The unextinction machine works tirelessly to combat the extinction of many species of life on Earth, caused by habitat destruction, pollution and climate change. Megan McKenzie (then aged 11, now 15) had the idea that a machine, one that was kind of alive, and powered by creativity, could accelerate evolution and create lots of new species that would adapt to a more stressed environment. She worked with her dad, Brian McKenzie, to devise the machine and the many creatures it would produce. They drew the creatures collaboratively, drawing parts, then finishing off each others’ drawings. The wall painting was on show in summer 2011 in the Hill Station, a cafe and cultural centre run by and for the community, in Telegraph Hill, London.
This charity this is part of incubates several projects, including Common Growth, a community garden to develop skills in food growing, and the New Cross People’s Library. It promotes sustainable communities through food, connecting people and culture.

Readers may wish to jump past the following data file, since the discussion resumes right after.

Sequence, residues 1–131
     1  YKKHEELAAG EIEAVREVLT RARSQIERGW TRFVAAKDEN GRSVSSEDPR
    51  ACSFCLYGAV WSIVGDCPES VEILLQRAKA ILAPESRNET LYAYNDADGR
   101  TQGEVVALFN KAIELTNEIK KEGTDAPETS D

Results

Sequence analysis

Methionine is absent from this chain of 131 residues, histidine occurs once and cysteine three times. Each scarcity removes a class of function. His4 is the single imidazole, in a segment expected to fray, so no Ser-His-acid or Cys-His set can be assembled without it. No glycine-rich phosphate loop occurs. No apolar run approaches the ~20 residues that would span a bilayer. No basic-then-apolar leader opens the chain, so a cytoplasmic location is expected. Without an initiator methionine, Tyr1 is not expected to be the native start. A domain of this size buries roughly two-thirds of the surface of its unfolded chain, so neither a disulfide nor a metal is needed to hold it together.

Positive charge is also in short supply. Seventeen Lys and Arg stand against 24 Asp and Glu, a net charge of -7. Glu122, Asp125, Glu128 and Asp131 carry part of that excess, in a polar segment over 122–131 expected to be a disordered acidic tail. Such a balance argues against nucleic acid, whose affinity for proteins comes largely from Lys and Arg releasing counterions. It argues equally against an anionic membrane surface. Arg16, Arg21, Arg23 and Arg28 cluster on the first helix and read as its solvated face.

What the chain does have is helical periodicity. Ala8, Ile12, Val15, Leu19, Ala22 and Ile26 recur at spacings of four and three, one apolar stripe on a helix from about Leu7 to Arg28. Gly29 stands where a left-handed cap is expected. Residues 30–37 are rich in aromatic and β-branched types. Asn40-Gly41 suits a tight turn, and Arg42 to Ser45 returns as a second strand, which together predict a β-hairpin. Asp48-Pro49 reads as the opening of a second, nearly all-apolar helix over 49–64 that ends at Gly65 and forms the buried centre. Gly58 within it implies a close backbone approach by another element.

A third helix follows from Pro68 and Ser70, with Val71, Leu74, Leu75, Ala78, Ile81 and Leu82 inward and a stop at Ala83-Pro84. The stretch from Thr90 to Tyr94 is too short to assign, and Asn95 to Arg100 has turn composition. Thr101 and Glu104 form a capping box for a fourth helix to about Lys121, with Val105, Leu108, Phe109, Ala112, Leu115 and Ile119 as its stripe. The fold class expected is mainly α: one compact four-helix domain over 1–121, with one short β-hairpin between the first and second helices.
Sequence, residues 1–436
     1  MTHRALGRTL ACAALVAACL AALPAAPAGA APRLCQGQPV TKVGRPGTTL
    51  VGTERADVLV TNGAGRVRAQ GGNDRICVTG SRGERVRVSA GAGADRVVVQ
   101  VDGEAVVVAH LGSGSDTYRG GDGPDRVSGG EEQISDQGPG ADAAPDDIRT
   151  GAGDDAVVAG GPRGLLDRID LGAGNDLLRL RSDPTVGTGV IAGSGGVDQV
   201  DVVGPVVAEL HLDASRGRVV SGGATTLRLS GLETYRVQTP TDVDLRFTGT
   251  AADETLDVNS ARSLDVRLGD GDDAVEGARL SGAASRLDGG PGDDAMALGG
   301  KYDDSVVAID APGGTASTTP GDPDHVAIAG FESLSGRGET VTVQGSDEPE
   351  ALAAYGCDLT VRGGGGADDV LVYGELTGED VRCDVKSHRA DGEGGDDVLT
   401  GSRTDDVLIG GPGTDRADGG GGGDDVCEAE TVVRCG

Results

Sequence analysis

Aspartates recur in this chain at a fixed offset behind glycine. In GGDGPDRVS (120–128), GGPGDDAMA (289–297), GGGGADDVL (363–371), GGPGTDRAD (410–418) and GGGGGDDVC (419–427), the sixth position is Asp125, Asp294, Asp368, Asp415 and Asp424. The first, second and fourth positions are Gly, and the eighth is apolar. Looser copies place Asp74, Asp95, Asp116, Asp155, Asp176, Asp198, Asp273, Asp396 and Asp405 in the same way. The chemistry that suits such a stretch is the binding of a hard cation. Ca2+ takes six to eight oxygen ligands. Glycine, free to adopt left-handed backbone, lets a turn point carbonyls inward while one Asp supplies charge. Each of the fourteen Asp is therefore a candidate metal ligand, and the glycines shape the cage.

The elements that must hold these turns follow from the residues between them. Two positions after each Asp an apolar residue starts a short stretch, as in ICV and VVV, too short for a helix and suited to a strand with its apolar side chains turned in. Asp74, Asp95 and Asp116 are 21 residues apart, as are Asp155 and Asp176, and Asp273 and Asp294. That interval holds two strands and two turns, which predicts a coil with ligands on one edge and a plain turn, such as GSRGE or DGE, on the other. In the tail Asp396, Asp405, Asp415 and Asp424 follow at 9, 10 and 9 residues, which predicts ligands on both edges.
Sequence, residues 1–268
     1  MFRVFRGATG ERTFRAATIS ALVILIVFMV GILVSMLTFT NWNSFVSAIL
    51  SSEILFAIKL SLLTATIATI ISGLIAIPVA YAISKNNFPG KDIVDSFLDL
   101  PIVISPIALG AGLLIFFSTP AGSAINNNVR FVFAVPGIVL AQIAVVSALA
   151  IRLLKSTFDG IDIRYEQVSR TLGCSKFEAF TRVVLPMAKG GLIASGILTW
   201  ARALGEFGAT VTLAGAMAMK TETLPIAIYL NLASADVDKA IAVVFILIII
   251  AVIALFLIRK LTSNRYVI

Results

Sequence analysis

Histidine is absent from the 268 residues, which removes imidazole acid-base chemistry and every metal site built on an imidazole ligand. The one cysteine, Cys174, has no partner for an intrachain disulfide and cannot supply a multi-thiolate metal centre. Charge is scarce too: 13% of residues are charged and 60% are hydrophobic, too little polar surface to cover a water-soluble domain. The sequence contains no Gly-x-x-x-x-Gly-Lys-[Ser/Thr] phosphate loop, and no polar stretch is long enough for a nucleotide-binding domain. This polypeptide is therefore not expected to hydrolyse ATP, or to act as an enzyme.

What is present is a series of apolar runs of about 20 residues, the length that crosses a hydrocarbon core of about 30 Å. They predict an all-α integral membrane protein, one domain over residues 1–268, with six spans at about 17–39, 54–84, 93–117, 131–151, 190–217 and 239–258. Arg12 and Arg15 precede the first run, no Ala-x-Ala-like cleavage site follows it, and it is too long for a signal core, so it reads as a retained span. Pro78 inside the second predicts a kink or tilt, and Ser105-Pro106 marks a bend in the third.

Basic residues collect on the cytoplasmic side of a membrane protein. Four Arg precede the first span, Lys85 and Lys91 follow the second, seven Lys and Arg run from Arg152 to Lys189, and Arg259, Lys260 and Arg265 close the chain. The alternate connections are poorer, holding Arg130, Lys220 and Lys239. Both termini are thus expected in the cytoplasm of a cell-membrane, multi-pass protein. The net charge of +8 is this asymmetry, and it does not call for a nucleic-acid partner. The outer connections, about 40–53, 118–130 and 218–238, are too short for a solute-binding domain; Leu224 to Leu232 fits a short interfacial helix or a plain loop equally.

Together as a family, the McKenzies are continuing to do art projects to do with biodiversity, extinction and how we live in nature. This blog will give news on these projects.
Megan likes making art and doing drama more than anything else, and also likes animals. Her artwork is quite surreal, combining self-portraiture, dreams and fantasy creatures. Brian makes images using intaglio printmaking, drawing, ceramics, digital photography and found objects. His work often depicts humans in environments that are alien to their bodies, such as snowy terrain, underwater, or grappling with dangerous animals. He is a keen gardener, beekeeper, insect-watcher, skip-hunter, beachcomber and fruit scrumper.